---, 'Levittown Retrofitted', in Visionary power: Producing the Contemporary City, eds. Christine de Baan, Joachim Declerck, and Veronique Patteeuw (Rotterdam: NAi Publishers, 2007).

---, 'Tijuana Case Study: Tactics of Invasion - Manufacturing Sites', Architectural Design, 75(5)(2005): 32-37.

---, "Two-Way Journeys: Border Walls, Border Cities, and the Two-Headed Trojan Horse of Tijuana." Thresholds: MIT Journal of the School of Architecture, (20)(2000).

Teddy Cruz and Fonna Forman, 'Unwailing Citizenship', The Avery Reviewhttp://averyreview.com/issues/21/unwalling-citizenship.

---, 'Public Imagination, Citizenship and an Urgent Call for Justice’, The Nature of Cities, 23 October 2015, https://www.thenatureofcities.com/2015/10/23/public-imagination-citizenship-and-an-urgent-call-for-justice/.

Teddy Cruz and Caleb Waldorf, 'Learning from Tijuana', Triple Canopy, http://canopycanopycanopy.com/7/learning_from_tijuana.

'Estudio Teddy Cruz', world-architects.com, http://www.world-architects.com/index.php?seite=ca_profile_architekten_detail_us&system_id=14396.

References About

'Architecture + Art: Teddy Cruz and Pedro Reyes', Vimeo, http://vimeo.com/6418279.

'Border Cities: Tactics of Encroachment', YouTube, March 31, 2008, http://www.youtube.com/watch?v=u0saEe0caJ8&feature=youtube_gdata.

D. Bratton, 'Estudio Teddy Cruz', Architectural Design, 74(1)(2004): 117-124.

M. Falkowska, 'Casa Familiar, Living Rooms at the Border, San Ysidro, California: Estudio Teddy Cruz', Praxis: Journal of Writing + Building, (3)(2001): 28-33.

T. Misra, '"'The Border Is a Way of Reinforcing Antagonism That Doesn't Exist." Architect Teddy Cruz and political scientist Fonna Forman want to turn the line between the U.S. and Mexico into a site for creative problem solving'. CityLabhttp://www.citylab.com/housing/2017/01/the-urban-laboratory-on-the-san-diego-tijuana-border-teddy-cruz-fonna-forman/512222/.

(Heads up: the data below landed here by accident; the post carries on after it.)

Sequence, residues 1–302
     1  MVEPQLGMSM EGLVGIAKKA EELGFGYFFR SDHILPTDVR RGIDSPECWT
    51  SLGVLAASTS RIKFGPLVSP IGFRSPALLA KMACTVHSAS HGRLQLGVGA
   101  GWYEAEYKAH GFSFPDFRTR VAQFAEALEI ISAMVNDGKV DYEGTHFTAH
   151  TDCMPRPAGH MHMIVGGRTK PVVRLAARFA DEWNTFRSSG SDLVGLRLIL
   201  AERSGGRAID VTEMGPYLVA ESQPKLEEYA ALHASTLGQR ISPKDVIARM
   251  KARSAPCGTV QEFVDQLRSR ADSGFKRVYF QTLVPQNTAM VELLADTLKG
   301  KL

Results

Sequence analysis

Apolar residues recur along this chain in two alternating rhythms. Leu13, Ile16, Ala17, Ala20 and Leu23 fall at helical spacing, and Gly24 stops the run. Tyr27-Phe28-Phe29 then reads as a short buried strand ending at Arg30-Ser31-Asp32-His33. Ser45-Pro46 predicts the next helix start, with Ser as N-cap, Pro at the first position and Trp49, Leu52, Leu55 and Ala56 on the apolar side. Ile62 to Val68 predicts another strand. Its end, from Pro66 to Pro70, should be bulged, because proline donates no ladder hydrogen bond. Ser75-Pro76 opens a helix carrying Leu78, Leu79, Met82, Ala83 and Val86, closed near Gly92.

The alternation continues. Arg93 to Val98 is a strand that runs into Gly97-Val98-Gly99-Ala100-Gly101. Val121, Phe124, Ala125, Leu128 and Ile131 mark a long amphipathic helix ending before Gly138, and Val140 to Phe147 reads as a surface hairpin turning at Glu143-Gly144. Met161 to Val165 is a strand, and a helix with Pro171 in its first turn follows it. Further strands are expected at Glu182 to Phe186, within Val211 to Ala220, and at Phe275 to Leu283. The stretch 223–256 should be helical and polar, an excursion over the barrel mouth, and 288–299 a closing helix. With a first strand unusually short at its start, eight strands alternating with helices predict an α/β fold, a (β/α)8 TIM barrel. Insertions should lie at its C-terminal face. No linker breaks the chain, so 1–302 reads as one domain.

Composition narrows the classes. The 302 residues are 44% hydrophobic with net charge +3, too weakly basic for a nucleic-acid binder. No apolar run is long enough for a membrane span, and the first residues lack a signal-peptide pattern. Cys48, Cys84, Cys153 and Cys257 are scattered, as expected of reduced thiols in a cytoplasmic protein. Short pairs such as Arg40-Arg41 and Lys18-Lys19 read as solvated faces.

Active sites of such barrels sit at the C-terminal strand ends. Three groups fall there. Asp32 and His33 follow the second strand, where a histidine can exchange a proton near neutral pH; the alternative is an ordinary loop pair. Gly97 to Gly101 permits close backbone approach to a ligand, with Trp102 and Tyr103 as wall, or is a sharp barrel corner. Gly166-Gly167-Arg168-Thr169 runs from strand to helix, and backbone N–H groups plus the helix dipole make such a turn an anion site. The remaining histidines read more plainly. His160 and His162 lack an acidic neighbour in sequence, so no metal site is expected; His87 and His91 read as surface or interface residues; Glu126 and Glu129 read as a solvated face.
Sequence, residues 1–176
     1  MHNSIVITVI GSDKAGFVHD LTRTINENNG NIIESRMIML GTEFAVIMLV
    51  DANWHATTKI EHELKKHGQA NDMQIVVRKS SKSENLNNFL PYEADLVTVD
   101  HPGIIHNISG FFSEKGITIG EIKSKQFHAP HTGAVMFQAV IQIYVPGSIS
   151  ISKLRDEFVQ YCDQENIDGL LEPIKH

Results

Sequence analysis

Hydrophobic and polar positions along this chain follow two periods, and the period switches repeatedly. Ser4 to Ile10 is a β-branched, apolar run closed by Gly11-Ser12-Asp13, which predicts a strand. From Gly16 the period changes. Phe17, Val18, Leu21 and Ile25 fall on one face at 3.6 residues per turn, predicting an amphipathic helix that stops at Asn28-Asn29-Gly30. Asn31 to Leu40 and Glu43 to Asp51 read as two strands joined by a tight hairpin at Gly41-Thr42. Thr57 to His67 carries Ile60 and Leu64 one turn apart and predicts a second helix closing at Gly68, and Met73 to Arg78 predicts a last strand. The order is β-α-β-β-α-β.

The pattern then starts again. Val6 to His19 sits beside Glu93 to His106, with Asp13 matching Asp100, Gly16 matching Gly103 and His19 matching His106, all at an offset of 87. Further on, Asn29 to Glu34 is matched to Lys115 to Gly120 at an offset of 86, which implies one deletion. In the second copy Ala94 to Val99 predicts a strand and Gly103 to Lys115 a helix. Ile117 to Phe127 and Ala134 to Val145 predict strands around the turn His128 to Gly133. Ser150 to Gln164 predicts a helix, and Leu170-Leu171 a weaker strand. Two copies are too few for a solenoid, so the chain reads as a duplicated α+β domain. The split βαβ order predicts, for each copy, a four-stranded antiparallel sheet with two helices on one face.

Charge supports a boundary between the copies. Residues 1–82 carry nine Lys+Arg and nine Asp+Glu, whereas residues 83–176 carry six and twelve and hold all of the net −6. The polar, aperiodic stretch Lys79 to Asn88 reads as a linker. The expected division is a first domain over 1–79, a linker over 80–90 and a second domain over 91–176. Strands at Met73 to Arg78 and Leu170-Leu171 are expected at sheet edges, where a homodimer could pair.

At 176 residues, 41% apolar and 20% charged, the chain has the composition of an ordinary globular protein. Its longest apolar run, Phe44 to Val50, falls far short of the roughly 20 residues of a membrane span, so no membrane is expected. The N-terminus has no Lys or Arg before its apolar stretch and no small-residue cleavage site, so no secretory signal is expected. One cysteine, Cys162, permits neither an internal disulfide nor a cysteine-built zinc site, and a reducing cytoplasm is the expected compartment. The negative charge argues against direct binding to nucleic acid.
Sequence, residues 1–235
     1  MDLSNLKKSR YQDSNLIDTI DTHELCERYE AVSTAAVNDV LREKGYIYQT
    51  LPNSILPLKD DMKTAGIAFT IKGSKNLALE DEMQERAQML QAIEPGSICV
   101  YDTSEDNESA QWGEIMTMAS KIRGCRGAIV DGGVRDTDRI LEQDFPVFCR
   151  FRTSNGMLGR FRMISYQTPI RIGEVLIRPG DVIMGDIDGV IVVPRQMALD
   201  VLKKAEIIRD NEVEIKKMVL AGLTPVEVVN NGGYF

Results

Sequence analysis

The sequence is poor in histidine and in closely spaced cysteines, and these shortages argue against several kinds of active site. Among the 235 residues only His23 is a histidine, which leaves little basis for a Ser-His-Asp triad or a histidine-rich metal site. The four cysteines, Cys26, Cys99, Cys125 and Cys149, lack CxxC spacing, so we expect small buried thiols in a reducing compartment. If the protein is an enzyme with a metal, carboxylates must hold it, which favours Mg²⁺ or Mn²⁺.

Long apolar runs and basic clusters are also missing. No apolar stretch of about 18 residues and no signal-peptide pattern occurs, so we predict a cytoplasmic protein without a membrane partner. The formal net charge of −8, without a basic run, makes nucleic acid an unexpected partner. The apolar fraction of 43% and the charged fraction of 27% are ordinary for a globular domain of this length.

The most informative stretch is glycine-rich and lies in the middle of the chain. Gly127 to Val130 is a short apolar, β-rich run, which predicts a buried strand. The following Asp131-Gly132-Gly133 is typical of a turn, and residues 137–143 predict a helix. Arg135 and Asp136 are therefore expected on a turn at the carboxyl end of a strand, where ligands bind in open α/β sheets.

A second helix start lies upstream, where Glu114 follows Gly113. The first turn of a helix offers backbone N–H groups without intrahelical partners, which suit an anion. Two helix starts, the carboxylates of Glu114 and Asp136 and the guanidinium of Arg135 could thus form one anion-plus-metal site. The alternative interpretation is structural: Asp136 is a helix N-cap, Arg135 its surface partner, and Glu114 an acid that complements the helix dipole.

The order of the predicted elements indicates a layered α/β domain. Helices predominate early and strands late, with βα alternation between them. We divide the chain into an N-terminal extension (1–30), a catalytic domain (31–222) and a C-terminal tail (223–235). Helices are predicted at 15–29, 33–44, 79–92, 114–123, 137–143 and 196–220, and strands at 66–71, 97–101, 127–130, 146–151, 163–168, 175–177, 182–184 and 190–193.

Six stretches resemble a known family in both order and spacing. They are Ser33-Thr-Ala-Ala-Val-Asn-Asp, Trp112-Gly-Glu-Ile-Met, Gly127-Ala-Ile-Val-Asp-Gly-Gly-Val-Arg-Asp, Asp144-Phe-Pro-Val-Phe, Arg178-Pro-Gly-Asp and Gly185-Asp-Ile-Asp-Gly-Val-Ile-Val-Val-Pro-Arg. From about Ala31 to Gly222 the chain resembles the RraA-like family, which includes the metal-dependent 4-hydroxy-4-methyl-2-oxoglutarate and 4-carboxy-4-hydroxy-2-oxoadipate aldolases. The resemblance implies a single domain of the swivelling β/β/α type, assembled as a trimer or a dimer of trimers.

A. Ross, 'Housing, Immigration and Fairness: Learning from San Ysidro', Harvard Design Magazine, (27)(2007): 22-29.

Quotes

'It is out of[these socio-cultural and economic tensions and from territories of political conflict, such as the San Diego-Tijuana border region, that critical architectural practices can emerge. These are territorial projects whose main focus is not the object of architecture, but the subversion of the information imprinted artificially on the land, the alteration of the boundaries and limits established by the institutions of official development.'
- Teddy Cruz, The James Stirling Memorial Lecture on the City, 2004-2005.

'My practice in San Diego has been primarily engaged with the politics of land use, provoked by the realization that no advances in housing design can be accomplished without advances in the transformation of urban policy. In other words, that the ultimate site of intervention is planning regulation itself, and the contamination of zoning in the form of alternative densities and uses, informal politics and economies, and in a search for new organizational strategies across the untapped resources found within diverse jurisdictions, communities, and institutions.'
- Teddy Cruz, The James Stirling Memorial Lecture on the City, 2004-2005.